Accidents Caused By Unsafe Footpaths

On some housing estates there are a lot of footpaths that connect different parts of the housing estate, such as the medical centre and the local shops.A� Who is legally responsible for repairing and maintaining the footpaths in a safe condition to prevent people suffering accidents whilst walking on the paths?

Mr Gulliksen tripped and fell on a footpath on an estate in Milford Haven when he caught his foot on a manhole cover that was sticking up in the surface of the path.A� The accident happened on a footpath that connected a group of houses to one of the main footpaths on the estate.A�The housing estate was owned by the county council and had been constructed in the 1970a��s by the local authority.A� Mr Gulliksen made an accident compensation claim against the county council for the injury sustained to his arm in the accident.

The county council argued that it was not liable to pay compensation to Mr Gulliksen and the case was therefore decided by the courts.A�The Court of Appeal took the view that the compensation claim was straight forward because the Highways Act, which places a legal duty on councils to maintain public roads and pavements in a safe condition, also applies to footpaths on the older housing estates that were constructed during the 1950a��s, 1960a��s and 1970a��s.A�The council was ordered to pay A?3,000 compensation to Mr Gulliksen for the injury caused to his arm in the accident.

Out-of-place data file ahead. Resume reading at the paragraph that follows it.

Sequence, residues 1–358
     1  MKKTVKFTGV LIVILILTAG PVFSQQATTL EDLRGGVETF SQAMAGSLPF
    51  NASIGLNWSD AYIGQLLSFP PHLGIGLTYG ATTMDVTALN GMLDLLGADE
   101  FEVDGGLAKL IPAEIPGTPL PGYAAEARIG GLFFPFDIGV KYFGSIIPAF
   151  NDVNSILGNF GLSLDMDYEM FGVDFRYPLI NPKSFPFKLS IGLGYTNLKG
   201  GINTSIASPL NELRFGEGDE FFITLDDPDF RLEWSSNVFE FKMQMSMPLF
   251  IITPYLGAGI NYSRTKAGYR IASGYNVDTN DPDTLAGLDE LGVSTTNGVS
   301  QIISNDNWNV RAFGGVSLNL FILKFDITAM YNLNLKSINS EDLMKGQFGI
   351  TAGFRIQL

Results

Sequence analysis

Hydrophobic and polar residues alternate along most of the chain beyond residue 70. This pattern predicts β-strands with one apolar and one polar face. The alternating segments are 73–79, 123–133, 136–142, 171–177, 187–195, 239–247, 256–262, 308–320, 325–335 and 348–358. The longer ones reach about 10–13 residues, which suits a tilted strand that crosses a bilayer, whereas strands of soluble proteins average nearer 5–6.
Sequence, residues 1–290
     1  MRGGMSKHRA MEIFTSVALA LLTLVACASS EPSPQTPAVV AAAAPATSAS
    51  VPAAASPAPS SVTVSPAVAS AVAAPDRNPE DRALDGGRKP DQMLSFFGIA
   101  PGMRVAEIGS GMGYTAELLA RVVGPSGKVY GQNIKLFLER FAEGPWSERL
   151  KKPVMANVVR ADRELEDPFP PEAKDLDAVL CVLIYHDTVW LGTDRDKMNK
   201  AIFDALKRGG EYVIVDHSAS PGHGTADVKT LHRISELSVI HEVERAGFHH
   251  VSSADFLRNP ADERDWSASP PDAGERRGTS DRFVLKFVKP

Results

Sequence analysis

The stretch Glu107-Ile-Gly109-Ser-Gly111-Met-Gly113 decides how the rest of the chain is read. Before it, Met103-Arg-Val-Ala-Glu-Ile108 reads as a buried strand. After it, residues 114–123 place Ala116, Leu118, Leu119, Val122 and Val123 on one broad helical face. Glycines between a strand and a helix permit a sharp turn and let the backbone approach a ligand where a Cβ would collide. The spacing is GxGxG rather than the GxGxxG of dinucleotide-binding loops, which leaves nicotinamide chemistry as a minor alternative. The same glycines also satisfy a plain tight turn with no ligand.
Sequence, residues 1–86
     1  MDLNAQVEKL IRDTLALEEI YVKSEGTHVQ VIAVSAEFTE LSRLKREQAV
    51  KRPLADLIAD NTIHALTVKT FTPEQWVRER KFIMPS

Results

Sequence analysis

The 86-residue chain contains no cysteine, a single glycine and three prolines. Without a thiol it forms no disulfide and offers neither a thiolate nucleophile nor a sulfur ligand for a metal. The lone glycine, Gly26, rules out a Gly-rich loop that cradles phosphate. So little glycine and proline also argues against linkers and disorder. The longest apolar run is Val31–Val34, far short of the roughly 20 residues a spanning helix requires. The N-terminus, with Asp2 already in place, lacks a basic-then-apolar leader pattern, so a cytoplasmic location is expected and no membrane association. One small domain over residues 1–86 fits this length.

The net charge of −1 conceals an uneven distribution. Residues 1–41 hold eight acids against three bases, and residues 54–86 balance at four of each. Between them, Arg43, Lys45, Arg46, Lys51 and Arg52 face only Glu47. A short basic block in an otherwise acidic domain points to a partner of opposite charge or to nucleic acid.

The Court of Appeala��s decision: Gulliksen v Pembrokeshire County Council

Safe Work For Disabled People

About 18% of the population of Great Britain has a disability, suffering a physical or mental impairment, due to, for instance, diabetes, arthritis, asthma, migraines, epilepsy and many other medical conditions.

People with mental or physical impairments should receive equal treatment at work and this includes protection from suffering accidents at work. During the last 25 years most workplace safety laws have originated in the European Union and E U directive 89/654/EEC states that a�?workplaces must be accommodated to take account, where required, of the needs of disabled workers.A�This provision applies in particular to the doors, passageways, staircases, lavatories and workstations used by disabled workersa��.

A risk assessment should be undertaken to examine what may cause an accident or harm to people doing the work and whether the existing safety measures are sufficient.A�A workplace that is safe for people with disabilities is also safe for all employees and the aim of a risk assessment is to make sure that no one gets injured at work.

Companies are required to make reasonable adjustments to workplaces and to tasks at work for disabled people with the aim of disabled people having equal opportunities in staying in work. a�?Reasonable adjustmentsa�� may include time off work for medical treatment and adapting equipment.A� The Government currently provides an Access to Work grant that is aimed at providing money to assist disabled people to do their work and may be used to pay for adaptations to equipment and may pay for transport to work.

The disability employment adviser at the local Jobcentre Plus office will provide detailed advice on financial assistance for disabled people at work.

The Equality Act 2010